Control to the Consumer
“The system doesn’t work very well for the average person out there,” says Cary Badger, Vice President of Customer Marketing for the Regence Group. “It’s expensive and complex. In order to fix that effectively you have to give control back to the consumer. Give them information and take the complexity out of benefit designs and give them real time information about how to make decisions.”

The idea behind the HSA is simple. Put the money into the individual’s hand and she will make better decisions with it. Here is how it works: an individual or employer purchases a high-deductible health plan and then funnels money into a HSA account at a financial institution. Under a typical arrangement, an individual might buy a $1500 high-deductible plan and deposit $500 into an HSA account. The first $500 of medical expenses is paid from the HSA, the next $500 is out of pocket and expenses above $1000 are paid by the insurer with a copayment from the consumer until the annual out-of-pocket cap is reached.

“HSAs in some respects, hearken back to the day when policies were made for unexpected illness or injury – people didn’t think much about paying to go to the doctor’s office,” says Mark Charpentier, CEO of Lifewise Health Plan of Oregon. “A good analogy is buying a car. People pay for routine oil changes, pay for tires and even often pay out of pocket for a fender bender. And a car tune-up at 30,000 miles is much more expensive than a visit to a doctor’s office.”

HSAs are attracting people who want more control over their health care and its financial implications, Badger says.

“They’re take charge kind of people,” Badger says. “They research information on the web – they are already well-informed patients. They want control over their health care destiny and that is a powerful emotion in the marketplace. If you put the money in the control of the consumers it will evolve the market into a consumer or market-responsive environment in terms of costs and control.”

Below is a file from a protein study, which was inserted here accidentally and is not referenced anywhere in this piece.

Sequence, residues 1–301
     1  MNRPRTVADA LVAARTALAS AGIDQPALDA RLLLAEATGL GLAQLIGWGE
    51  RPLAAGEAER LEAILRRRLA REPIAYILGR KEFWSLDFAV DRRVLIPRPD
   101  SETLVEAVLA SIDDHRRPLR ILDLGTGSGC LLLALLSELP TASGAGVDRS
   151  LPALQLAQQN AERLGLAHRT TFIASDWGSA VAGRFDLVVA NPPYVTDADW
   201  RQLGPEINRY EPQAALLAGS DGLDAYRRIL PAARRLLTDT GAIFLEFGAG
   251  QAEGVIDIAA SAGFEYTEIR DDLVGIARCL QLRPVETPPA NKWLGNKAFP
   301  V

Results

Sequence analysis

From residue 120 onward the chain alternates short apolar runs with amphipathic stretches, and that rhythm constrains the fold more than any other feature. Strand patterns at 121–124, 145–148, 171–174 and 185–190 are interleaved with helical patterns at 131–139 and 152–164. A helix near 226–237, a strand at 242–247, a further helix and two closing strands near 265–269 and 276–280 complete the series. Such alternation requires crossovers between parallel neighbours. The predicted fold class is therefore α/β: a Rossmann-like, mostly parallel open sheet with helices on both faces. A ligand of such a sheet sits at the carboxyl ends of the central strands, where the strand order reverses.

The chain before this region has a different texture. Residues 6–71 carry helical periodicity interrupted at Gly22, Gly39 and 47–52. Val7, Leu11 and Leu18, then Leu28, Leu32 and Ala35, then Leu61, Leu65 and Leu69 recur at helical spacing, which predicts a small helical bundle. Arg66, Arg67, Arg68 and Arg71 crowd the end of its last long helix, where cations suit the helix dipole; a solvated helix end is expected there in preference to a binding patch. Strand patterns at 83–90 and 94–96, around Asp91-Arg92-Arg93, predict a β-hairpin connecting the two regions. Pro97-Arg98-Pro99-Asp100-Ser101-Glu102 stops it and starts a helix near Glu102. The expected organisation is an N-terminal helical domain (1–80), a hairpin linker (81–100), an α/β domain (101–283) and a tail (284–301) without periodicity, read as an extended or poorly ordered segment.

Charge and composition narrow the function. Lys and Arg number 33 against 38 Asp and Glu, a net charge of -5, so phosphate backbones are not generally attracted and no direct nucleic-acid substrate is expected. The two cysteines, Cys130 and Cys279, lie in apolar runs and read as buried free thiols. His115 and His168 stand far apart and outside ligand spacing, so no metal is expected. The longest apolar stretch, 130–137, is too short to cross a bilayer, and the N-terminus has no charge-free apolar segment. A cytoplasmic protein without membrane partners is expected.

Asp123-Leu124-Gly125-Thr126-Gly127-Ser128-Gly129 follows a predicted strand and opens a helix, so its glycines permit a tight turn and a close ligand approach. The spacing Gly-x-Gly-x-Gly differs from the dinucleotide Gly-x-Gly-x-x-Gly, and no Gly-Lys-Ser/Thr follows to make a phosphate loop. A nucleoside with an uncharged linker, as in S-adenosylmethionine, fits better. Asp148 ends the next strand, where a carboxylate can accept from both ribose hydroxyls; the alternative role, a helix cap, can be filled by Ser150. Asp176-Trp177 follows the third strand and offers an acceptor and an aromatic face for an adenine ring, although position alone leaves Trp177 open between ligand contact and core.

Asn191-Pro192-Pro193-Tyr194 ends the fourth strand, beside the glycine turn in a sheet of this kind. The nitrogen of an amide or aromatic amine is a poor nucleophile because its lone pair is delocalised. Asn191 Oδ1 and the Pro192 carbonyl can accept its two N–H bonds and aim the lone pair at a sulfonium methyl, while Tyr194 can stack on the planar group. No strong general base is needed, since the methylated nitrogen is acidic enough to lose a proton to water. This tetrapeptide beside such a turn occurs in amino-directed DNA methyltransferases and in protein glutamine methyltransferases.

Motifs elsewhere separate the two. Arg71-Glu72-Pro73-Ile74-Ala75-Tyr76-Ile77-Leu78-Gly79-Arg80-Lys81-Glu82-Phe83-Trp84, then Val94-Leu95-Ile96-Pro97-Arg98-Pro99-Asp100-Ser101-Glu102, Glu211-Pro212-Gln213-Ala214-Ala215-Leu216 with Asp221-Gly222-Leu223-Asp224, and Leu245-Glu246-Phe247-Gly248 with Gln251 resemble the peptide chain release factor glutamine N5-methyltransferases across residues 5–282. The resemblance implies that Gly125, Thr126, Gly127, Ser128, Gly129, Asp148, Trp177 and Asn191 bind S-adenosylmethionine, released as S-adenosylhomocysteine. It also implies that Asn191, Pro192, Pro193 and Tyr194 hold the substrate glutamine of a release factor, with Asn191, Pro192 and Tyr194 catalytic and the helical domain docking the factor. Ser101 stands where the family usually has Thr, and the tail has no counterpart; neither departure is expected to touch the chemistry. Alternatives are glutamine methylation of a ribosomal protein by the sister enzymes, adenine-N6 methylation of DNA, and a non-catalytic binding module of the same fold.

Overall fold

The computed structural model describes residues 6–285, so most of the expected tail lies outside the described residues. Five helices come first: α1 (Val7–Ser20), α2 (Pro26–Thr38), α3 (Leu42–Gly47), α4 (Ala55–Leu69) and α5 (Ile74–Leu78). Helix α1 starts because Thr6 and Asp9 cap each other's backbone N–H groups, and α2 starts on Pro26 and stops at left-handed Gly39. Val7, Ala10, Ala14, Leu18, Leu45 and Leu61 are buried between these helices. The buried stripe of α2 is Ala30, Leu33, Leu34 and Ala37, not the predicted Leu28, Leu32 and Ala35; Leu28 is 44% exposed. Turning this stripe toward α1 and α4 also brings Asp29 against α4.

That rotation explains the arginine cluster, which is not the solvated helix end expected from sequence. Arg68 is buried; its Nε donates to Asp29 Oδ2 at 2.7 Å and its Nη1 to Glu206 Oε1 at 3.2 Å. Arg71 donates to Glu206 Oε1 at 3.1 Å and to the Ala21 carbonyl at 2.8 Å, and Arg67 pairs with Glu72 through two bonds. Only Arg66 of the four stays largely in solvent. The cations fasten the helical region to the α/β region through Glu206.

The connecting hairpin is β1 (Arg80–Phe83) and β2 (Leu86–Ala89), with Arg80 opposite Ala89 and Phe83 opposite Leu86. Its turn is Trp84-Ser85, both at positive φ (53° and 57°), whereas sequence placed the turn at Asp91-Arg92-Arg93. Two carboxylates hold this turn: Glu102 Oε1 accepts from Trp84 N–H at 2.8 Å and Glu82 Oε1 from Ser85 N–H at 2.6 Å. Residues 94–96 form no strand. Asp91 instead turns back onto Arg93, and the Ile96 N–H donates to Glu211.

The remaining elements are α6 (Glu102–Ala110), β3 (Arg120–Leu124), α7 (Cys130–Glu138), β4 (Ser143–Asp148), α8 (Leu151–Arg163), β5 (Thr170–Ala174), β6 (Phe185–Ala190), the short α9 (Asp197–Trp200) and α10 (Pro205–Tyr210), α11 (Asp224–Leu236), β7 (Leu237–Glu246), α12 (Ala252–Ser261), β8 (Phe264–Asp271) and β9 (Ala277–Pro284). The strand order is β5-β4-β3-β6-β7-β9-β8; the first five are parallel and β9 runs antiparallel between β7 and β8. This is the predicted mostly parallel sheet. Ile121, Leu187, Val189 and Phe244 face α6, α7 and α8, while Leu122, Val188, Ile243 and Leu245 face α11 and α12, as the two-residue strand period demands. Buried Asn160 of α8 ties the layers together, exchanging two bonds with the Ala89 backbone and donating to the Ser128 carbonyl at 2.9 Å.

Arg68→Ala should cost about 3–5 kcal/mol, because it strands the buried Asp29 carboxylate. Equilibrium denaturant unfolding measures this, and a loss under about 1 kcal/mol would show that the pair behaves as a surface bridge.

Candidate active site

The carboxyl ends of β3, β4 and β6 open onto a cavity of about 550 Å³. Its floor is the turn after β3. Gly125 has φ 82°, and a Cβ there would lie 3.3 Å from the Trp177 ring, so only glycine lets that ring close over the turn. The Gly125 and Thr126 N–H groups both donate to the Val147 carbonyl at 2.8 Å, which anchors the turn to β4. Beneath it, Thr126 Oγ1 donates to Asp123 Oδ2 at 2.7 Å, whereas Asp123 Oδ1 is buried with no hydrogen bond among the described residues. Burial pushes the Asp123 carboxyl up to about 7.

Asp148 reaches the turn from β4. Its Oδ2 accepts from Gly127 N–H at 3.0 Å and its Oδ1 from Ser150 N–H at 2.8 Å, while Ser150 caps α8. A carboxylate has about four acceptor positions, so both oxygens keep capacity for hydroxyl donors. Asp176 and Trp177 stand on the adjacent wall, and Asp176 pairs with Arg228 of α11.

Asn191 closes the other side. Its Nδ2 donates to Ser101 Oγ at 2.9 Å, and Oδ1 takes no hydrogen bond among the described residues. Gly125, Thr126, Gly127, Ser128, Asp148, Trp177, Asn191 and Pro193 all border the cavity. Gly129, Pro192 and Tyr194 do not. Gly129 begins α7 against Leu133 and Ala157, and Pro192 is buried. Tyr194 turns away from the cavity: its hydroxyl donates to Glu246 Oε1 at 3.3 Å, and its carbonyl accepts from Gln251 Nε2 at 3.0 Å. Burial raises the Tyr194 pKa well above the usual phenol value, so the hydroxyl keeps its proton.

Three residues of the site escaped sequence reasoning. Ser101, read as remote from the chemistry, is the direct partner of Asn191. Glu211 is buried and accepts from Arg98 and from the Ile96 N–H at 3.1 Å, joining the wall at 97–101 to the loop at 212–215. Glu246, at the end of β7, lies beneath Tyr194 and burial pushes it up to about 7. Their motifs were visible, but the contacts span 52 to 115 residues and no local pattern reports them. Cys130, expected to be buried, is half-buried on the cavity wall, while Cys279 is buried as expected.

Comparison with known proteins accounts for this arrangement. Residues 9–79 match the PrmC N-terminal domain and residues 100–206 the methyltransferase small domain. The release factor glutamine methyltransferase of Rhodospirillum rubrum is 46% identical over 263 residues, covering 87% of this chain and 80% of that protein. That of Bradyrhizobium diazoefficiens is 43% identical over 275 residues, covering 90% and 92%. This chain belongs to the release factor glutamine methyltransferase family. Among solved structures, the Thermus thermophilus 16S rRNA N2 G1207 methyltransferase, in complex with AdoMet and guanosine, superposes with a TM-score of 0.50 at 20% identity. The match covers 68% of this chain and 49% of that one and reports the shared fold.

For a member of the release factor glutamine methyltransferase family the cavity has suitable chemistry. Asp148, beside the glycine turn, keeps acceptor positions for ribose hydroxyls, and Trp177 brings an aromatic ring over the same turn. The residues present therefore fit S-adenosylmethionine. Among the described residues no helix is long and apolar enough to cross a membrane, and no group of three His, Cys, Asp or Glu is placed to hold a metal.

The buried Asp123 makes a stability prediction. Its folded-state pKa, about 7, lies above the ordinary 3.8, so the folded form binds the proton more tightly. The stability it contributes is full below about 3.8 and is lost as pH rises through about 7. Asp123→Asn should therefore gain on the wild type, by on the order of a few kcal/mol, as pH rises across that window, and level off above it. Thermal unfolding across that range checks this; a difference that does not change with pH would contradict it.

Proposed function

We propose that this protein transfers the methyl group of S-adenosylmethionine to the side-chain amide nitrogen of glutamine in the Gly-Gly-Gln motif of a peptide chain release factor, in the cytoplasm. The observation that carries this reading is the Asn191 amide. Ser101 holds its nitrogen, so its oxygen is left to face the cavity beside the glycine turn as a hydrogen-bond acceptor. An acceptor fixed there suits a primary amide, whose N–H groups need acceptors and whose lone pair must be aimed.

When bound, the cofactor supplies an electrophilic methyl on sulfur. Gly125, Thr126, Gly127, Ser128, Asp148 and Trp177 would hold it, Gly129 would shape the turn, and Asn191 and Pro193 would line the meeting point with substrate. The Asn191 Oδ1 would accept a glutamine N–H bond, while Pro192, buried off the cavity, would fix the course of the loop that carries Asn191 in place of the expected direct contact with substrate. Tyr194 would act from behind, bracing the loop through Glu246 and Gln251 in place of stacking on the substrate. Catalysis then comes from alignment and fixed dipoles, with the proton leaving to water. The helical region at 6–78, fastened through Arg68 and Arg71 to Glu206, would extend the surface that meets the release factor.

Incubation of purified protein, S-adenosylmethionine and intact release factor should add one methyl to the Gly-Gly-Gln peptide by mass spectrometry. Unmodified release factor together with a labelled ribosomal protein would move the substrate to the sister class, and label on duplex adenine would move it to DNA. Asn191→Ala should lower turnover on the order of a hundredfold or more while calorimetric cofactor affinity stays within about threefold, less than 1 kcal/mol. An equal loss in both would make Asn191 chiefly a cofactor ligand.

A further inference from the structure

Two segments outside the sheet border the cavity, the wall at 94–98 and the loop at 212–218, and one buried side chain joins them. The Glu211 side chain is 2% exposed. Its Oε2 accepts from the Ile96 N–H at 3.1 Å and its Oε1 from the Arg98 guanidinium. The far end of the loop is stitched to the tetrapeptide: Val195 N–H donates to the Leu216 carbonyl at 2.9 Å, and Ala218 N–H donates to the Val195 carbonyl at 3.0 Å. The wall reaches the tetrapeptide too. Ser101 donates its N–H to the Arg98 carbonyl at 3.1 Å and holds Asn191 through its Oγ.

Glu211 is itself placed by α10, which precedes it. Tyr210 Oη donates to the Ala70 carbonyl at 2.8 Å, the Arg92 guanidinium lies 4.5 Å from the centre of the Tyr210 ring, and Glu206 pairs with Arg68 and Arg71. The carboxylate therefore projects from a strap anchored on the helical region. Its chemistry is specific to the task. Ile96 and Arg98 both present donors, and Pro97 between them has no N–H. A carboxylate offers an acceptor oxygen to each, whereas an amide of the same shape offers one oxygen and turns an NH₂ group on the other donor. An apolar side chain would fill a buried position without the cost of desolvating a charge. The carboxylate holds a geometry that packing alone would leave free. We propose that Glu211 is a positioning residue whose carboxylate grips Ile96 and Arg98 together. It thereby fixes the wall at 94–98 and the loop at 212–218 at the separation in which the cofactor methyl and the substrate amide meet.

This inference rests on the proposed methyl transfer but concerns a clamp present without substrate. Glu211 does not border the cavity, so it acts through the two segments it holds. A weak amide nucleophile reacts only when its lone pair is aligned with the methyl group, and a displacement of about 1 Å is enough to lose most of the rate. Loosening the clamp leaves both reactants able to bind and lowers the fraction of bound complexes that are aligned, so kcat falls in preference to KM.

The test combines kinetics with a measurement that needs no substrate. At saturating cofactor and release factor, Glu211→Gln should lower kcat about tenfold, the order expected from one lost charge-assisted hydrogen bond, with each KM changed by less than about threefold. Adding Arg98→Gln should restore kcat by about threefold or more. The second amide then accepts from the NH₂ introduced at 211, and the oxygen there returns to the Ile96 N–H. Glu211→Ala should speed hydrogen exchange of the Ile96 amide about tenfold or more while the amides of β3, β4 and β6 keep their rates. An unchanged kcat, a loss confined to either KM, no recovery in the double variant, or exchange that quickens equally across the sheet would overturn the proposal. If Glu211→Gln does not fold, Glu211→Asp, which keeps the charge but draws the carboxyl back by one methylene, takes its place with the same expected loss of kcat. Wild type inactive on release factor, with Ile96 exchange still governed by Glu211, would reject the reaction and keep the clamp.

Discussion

However, some people are intimidated by the idea of a high-deductible heath plan. In the past, plans with a high deductible were used as cost-shifting mechanisms by employers. But when coupled with the HSA, people are realizing that it is an appealing combination, Badger says.

It’s Your Money
The accounts are managed by a financial institution and funds are invested in mutual funds, similar to 401(k) plans. The key feature is that the account belongs to the individual rather than the employer, said Joel Levi, Vice President of Business Development for Wells Fargo Health Benefits Services.

“They are almost like an IRA,” Levi says. “The employer has no access to the account other than to contribute. There is no vesting.”

Employees can take the account from job to job and contribute up until retirement.

Wells Fargo has entered into joint marketing agreements with The Regence Group, ODS and Kaiser Permanente. They began marketing HSAs in July 2004 and have 35,000 accounts nationwide, Levi says.

The highest level of adoption has been in the small group segment – companies with 2-50 employees, says Marty Stewart, Vice President for Sales and Marketing for ODS.